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Pulmonary Procedures |

Intracavitary Pulmonary Aspergilloma Removal Using Combined Virtual, Ultrathin, and Rigid Bronchoscopy - A Case Series

David Stather, MD; Alain Tremblay, MD; Paul MacEachern, MD; Alex Chee, MD; Jacob Gelberg, MD; Elaine Dumoulin, MD; Gary Gelfand, MD; Michael Parkins, MD; Christopher Mody, MD
Author and Funding Information

University of Calgary, Calgary, AB, Canada


Chest. 2013;144(4_MeetingAbstracts):817A. doi:10.1378/chest.1666716
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Abstract

SESSION TITLE: EBUS: New Approaches

SESSION TYPE: Original Investigation Slide

PRESENTED ON: Tuesday, October 29, 2013 at 04:30 PM - 05:30 PM

PURPOSE: Intracavitary pulmonary aspergilloma is a chronic debilitating fungal infection associated with significant mortality. Without definitive therapy, death from aspergilloma can occur from massive hemoptysis, cachexia or secondary infection. While surgical resection has been the accepted treatment of choice, it is associated with significant morbidity and mortality and is not a therapeutic option for many patients because of poor pulmonary function or debility. Bronchoscopic removal in combination with antifungal therapy provides an important alternative therapy for this life threatening disease.

METHODS: We describe a series of 5 cases of bronchoscopic removal of intracavitary aspergilloma with a technique involving virtual bronchoscopy to guide the procedure, ultrathin bronchoscopy, rigid bronchoscopy, combined with antifungal therapy.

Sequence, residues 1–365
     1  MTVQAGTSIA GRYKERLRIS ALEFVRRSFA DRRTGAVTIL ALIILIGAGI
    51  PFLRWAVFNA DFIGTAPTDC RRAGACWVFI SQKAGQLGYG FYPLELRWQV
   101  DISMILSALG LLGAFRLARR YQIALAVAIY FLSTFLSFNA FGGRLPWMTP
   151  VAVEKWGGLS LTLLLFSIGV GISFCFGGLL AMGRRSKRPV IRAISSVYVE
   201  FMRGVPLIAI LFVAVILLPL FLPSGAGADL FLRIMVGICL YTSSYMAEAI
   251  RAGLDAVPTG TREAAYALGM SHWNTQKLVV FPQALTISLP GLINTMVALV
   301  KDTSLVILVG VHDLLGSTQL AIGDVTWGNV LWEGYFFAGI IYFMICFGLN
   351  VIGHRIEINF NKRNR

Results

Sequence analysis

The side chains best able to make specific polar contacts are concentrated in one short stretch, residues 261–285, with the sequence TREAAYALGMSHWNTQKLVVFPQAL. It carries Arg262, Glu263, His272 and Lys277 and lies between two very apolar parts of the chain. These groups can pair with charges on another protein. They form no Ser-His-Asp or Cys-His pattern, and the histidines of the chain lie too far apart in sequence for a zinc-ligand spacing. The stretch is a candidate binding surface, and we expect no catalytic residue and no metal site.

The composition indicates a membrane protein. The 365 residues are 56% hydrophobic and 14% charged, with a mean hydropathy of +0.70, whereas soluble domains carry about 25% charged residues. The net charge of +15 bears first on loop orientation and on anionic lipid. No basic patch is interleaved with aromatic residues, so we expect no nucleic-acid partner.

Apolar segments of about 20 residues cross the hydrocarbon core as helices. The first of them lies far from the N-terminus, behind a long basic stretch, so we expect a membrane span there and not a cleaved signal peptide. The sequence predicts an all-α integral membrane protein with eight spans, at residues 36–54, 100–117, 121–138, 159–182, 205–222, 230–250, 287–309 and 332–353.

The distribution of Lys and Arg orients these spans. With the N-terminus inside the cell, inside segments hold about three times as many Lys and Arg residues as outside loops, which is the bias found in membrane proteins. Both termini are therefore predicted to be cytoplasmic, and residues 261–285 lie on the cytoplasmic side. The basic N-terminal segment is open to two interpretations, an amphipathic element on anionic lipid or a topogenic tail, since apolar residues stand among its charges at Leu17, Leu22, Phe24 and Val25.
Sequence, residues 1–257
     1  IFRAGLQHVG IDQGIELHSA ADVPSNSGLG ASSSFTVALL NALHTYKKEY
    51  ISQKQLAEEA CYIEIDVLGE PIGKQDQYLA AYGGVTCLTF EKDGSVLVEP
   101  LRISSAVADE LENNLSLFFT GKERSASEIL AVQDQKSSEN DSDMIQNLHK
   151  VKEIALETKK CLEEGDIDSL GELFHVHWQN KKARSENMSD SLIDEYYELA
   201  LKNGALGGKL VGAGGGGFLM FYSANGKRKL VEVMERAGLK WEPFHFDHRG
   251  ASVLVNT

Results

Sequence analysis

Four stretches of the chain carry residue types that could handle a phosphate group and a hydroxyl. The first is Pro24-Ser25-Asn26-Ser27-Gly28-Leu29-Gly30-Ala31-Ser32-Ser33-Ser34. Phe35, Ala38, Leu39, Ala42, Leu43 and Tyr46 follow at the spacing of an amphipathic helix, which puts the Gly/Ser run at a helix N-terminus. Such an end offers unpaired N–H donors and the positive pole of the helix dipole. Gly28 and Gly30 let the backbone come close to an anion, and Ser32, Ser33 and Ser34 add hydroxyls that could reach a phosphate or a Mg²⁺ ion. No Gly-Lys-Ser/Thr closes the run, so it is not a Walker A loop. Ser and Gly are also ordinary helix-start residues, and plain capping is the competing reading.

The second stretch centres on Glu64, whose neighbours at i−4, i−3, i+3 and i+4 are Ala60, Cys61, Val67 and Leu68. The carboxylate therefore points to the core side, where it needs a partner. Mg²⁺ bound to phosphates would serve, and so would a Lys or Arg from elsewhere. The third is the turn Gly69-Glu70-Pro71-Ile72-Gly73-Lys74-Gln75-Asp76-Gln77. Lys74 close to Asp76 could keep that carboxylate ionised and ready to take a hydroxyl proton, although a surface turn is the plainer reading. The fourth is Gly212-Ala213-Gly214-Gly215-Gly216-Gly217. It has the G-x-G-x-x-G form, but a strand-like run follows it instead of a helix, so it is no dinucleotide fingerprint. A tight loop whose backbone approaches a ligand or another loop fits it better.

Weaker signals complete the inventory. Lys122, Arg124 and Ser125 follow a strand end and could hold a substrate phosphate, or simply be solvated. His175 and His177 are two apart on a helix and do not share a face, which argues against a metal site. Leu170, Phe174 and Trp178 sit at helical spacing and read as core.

RESULTS: Successful removal of the aspergilloma with symptom improvement or resolution was achieved in all five cases. Minor post procedure hypoxia was observed in 3 cases. Severe sepsis requiring an extended critical care unit stay was seen in one case. Follow up ranged from 12 to 46 months.

CONCLUSIONS: This is the first reported case series of bronchoscopic removal of intracavitary pulmonary aspergilloma.

CLINICAL IMPLICATIONS: Although not without associated complications of minor hypoxia and possible sepsis, in carefully selected patients this new treatment modality provides an important alternative therapy for this life threatening disease.

DISCLOSURE: The following authors have nothing to disclose: David Stather, Alain Tremblay, Paul MacEachern, Alex Chee, Jacob Gelberg, Elaine Dumoulin, Gary Gelfand, Michael Parkins, Christopher Mody

No Product/Research Disclosure Information


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